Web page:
Shanghai Shenhua 1-3 Changchun Yatai
CSL round 28
Scorers: Griffiths 45 ; Liu Weidong 8, 11, Marquinhos 45+2 (pen)
On yet another strange evening at Hongkou Football Stadium, Shanghai Shenhua’ 500th competitive game was one to forget as the boys in blue went down 3-1 to Asian Champions League-chasing Changchun Yatai last night.
The mysterious absences of three top players, a goalkeeper in tears, bizarre officiating and the home side being two goals down inside the first ten minutes were just some of the oddities on display, as Shenhua lost for the second game in succession.
During the week preceding the match the equity share dispute rumbled on, with endless rumours appearing in the international press about Drogba leaving to sign for Juventus, or whatever. There was also a player revolt over unpaid wages, and more rumours that the club’s foreign players also hadn’t received their latest pay packet. And, in an intriguing development, it was announced the day before the match that Drogba, Anelka and Gio Moreno would all miss the game due to injury. What a co-incidence!
The missing trio meant wholesale changes were necessary in the starting XI. Brazilian defender Moises made his first appearance since Drogba’s arrival, slotting in alongside Dai Lin, whilst Cao Yunding finally started a match again. Feng Renliang came in on the right of midfield, Joel Griffiths started upfront on his own. Zhang Kaimu was back in his midfield enforcer role, Jiang Kun and Yu Tao completing a 4-5-1 formation with Bai Jiazhun and Wu Xi the fullbacks.
The game got off to an explosive start. Changchun striker Cai Tianbao should have done better than to blast it over the bar after the ball was unexpectedly fed back into the box following a poor clearance from Wang Dalei. But Changchun striker Liu Weidong did much better shortly afterwards, scoring in just the 8th minute. He scored with a nice volley in the middle of the box following a cross in from the right.
It was an early blow for the home side, and before they could regroup, Liu scored again just two minutes later with a similarly well-taken goal from the edge of the box following Brazilian Weldon’s cross. With the game barely over the 10-minute mark, Shenhua had to pick themselves up and dust themselves down lest their 500th ever game turn into a complete embarrassment.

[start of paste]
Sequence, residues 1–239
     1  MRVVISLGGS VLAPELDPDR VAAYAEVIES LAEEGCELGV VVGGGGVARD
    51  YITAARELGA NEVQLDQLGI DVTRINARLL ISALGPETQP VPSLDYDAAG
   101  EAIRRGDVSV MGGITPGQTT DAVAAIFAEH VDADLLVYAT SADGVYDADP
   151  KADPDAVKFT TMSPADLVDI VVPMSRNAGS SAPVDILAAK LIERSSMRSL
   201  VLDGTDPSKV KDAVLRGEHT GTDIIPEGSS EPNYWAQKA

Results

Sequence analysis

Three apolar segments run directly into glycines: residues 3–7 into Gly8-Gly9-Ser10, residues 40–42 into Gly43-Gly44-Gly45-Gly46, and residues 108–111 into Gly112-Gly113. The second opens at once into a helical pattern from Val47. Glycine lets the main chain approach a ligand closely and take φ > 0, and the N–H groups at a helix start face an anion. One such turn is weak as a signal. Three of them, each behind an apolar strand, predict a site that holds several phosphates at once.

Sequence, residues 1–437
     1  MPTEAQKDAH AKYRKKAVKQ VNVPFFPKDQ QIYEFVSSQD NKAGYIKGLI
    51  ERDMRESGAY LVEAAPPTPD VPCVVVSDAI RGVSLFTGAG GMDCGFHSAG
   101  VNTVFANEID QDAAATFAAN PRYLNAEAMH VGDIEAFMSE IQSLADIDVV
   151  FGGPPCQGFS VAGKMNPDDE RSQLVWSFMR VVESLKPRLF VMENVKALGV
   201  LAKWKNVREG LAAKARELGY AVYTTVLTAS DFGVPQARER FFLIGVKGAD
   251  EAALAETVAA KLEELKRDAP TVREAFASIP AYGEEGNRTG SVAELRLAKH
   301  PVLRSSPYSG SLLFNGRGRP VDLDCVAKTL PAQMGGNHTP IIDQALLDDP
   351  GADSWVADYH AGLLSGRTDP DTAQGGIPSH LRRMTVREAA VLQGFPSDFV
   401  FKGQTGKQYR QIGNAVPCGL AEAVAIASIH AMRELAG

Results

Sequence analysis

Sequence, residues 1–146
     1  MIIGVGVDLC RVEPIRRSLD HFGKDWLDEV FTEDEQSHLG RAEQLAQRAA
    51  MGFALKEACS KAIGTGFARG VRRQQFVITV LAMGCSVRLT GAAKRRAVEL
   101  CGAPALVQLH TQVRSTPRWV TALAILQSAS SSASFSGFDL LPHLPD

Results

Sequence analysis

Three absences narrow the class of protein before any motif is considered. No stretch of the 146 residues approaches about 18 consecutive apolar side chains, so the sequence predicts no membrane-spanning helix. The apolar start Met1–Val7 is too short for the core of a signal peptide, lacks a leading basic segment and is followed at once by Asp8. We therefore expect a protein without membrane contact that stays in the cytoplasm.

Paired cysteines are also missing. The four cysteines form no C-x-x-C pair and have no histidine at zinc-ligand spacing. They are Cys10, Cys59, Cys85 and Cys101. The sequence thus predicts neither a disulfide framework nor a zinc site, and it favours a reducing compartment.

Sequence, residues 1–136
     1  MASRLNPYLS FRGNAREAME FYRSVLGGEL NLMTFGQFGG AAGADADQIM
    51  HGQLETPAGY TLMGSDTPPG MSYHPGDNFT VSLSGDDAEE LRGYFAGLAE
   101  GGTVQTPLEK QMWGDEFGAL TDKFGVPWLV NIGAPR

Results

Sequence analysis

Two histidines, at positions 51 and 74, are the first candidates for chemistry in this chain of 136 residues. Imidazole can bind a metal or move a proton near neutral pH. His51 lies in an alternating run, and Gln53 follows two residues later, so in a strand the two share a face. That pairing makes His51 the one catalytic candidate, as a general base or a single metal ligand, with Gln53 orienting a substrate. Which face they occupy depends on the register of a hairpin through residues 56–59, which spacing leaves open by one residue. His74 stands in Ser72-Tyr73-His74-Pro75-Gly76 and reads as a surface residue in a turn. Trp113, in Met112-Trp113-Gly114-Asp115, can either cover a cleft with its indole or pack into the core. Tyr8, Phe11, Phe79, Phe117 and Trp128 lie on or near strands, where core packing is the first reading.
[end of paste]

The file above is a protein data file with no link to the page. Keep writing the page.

However, Shenhua in fact had not played badly. Both goals conceded were excellent finishes from half-chances. Despite lacking Drogba, Anelka and Moreno, the team actually played with more fluidity and showed more confidence in passing. It certainly seems clear to your correspondent that too many Shenhua players feel something of an inferiority complex playing alongside Drogba et al, which upsets the balance of the team.
Shenhua had most of the first half under their control apart from these two conceded goals. It was no surprise when Shenhua equalized, following a very nice pass into space from Jiang Kun which Cao Yunding sprinted on to beat his man and deliver a deadly ball which Joel Griffiths knee’d into the net from less than a yard off the line not long before half time.
It was a dangerous time to score, and at this point Shenhua looked energized and surely bound to score an equalizer. There was to be another goal scored, but not for the home side. Once again, in fact, for the FIFTH time this season Shenhua conceded a very debatable penalty. Your correspondent, having partaken in one or two pre-match alcoholic beverages, unleashed a diatribe of abuse towards the referee, alarming his match-going companions somewhat. However, there was no shortage of other match-viewers who agreed with the sentiment – TV footage shows Changchun forward Marquinhos being held off by Wu Xi then going to ground when he realises he won’t get the ball. The Shenhua players, bench and the home crowd were absolutely incensed and as well they might be with the team falling foul of plain bad refereeing once again. Marquinhos despatched the penalty just seconds before the referee blew the half-time whistle. The referee was again surrounded by an angry mob of Shenhua players, including Jiang Kun who was bare-chested for some reason. Things looked like they might boil over as Shenhua technical staff leapt off the bench to join the fray, but things calmed down and no cards were shown.